Anyone who denigrates Chinese history or does not accept "ethnic unity" is also guilty - which is supposed to prevent solidarity with Tibetans, Uyghurs and other persecuted minorities.

One of the few Chinese world successes: "The Red Lantern" (1991) by star director Zhang Yimou

The new guiding rules are monitored by an ethics committee with "exemplary artists". Anyone who violates them can expect to be banned from the profession for up to five years; In the case of particularly serious misconduct, there is even a threat of a lifelong ban. Three months before the end of their forced time-out, those affected can apply for reintegration - voluntary work for the well-being of the national community and "professional" follow-up training should then bring the delinquents back on the right track.

Such practices of social control are nothing new to the Chinese, according to Robert Daly, director of the Kissinger Institute on China and the US in Washington. The American worked for the embassy in Beijing for a long time and also appeared in a Chinese television series in 1993. Artists have been the focus of the party since Mao's time, he says. "And Xi Jinping once again affirmed: Art must serve socialism."

Image promotion with a cultural soft power strategy

The fact that the cinema industry in particular is under particular scrutiny has something to do with its role as a central component in the Chinese campaign in the matter of "Ruan Shili", the "soft power strategy" - that is, China's claim to its position in the Cementing the world because of its foreign policy and its culture. And right now the People's Republic is bursting with power. Despite all human rights violations, the world seems to shrink back from the economic giant. This is also becoming more and more powerful in the film business: For the first time in 2020, Chinese box office sales were higher than those in North America. Even if that is - still - mainly due to the pandemic. The historical epic about the Sino-Japanese war, "The Eight Hundred", staged in Mandarin, grossed around 370 million euros in China from September 2020 until now, despite Corona.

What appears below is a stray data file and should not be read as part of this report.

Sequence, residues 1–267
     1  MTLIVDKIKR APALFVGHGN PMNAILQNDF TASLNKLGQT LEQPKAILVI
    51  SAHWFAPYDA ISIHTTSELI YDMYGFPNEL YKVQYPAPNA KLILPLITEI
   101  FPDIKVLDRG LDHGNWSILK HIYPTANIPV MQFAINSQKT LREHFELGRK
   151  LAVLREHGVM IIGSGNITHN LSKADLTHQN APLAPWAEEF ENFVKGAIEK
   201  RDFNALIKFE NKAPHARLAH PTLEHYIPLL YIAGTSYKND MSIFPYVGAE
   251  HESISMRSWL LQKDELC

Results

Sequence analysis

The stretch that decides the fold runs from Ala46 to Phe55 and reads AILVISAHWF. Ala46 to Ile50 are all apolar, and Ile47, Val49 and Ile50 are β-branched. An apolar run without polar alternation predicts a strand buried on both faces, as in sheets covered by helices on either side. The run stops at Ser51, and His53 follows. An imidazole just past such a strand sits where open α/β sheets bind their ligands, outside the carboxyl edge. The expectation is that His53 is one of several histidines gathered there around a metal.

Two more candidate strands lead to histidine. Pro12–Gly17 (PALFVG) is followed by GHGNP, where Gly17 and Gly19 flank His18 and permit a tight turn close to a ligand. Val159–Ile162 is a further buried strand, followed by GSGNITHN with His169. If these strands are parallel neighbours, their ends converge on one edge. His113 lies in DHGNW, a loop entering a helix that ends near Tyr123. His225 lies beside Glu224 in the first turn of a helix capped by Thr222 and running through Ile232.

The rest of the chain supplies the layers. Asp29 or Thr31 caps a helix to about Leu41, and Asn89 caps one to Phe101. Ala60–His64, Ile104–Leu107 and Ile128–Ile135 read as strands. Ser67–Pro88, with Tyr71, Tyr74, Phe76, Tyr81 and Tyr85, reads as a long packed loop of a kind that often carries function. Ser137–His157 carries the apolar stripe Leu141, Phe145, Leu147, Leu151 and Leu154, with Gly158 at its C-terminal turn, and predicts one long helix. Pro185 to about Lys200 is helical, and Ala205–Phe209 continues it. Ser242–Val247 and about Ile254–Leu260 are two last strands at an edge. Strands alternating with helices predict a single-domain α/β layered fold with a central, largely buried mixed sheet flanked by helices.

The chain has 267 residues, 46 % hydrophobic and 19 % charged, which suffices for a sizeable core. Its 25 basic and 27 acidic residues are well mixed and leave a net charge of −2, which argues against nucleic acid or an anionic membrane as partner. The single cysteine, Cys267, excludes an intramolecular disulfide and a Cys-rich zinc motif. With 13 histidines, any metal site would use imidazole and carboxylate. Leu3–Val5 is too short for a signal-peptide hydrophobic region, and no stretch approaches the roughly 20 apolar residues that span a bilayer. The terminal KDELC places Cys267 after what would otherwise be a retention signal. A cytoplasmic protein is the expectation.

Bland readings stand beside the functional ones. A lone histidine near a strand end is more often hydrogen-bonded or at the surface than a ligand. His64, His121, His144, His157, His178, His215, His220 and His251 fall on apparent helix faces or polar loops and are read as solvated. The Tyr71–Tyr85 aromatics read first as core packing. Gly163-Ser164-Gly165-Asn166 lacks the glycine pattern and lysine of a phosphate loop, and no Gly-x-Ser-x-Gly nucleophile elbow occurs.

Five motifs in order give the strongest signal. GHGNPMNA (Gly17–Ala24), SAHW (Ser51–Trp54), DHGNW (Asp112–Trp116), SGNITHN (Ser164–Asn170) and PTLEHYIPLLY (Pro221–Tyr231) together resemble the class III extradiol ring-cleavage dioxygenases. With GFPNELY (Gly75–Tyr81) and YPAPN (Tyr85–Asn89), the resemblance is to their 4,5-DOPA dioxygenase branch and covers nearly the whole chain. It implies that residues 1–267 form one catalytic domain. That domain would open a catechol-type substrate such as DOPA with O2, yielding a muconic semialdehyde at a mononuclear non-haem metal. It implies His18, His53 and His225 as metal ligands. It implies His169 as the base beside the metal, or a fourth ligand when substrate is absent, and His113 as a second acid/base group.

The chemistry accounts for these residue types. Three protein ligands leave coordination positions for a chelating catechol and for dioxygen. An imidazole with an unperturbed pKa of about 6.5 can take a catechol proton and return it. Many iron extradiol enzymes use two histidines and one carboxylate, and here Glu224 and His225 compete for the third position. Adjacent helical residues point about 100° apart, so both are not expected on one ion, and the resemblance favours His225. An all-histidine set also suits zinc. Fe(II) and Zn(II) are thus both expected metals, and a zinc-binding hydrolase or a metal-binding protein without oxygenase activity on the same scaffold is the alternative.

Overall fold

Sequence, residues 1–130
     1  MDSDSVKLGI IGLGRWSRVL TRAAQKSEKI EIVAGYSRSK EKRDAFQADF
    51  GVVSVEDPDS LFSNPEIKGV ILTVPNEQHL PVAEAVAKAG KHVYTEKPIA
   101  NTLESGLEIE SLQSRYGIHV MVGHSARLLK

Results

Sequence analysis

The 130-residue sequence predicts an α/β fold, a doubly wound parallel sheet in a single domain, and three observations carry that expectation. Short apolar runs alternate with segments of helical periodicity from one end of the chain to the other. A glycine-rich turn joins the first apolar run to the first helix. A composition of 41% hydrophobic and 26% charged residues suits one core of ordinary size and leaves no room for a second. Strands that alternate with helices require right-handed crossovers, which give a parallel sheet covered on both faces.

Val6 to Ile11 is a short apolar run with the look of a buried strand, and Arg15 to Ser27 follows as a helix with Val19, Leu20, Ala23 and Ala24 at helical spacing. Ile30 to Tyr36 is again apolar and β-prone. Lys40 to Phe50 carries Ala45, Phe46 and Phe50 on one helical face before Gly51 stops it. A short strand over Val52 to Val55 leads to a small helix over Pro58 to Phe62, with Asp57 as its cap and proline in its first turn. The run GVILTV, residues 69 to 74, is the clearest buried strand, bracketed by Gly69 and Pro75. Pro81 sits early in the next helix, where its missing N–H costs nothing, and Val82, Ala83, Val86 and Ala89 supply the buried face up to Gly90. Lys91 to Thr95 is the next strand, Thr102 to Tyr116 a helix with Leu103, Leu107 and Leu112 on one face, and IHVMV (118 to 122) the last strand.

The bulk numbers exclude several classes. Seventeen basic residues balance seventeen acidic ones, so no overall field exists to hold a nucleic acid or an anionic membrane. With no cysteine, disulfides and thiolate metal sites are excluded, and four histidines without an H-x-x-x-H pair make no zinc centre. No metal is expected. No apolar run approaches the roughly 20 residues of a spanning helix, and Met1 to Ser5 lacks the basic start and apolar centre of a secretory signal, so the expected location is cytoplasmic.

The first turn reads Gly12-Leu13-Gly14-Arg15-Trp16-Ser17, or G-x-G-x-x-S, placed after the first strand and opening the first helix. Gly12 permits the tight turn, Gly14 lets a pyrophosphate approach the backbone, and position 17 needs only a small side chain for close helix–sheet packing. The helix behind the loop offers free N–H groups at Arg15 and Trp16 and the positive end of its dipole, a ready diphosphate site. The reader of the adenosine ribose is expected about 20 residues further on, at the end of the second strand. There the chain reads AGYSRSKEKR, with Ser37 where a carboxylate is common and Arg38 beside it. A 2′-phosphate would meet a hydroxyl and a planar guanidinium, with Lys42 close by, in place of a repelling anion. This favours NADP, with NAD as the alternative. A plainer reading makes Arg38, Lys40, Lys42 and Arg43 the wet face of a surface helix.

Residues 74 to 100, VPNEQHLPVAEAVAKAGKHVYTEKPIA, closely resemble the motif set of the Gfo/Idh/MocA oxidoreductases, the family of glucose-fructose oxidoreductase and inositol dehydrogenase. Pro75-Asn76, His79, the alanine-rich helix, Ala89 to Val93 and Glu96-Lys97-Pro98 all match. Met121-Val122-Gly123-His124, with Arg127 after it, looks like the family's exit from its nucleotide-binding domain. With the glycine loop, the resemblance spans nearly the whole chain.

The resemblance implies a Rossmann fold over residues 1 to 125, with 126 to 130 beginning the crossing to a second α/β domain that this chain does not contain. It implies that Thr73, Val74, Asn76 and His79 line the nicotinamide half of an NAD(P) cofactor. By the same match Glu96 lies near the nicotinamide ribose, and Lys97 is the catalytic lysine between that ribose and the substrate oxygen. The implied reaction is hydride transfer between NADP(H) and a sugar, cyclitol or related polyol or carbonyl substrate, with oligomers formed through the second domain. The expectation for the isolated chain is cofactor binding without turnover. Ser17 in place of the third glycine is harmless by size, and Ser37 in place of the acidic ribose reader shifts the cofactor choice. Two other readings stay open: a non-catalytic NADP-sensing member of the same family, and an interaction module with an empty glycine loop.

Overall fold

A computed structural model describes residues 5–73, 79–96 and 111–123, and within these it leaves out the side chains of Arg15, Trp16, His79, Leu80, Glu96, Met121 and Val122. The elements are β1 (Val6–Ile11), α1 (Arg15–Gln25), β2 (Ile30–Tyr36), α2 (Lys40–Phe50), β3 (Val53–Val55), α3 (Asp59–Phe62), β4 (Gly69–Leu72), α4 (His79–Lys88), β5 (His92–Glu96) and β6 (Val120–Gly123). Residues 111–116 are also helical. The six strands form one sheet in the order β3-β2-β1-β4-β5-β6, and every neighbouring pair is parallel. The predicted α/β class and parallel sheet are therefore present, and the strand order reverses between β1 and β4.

The war drama "The Eight Hundred" tells of Chinese heroism

"Investments in the film industry are clearly part of the toolkit of the Chinese propaganda department," says Björn Alpermann. It was not until 2018 that the entrepreneur Wang Jianlin built the world's most modern studio site with 40 film studios for around 6.5 billion euros. Two years earlier he had acquired the Californian film studio Legendary Entertainment for 3.2 billion euros, where the blockbuster "Jurassic World" and the "Batman" trilogy were produced. The Chinese group "Alibaba" is cooperating with Steven Spielberg's company "Amblin Partners". Western know-how is in demand in China, but there are also desires in the opposite direction. Hollywood has long been looking at the People's Republic with around 1.44 billion inhabitants - a more than profitable market for US studios.

Hollywood's kowtow against China's censors

The apparently lucrative business has a catch: only 34 foreign productions are allowed to be shown in Chinese cinemas each year - and they first have to be censored, in other words: They must not "violate China's national dignity, honor and interests". "1997 was the last year that the big studios in the States were still making films that Beijing considered 'anti-Chinese'," says Robert Daly. These included Martin Scorsese's "Kudun" and Jean-Jacques Annaud's "Seven Years in Tibet" - both works criticized the People's Republic's brutal invasion of the Himalayan country. "China punished Hollywood for these productions," said Daly. "Since then, studio bosses have been reluctant to give the green light to a film that might displease China's censors.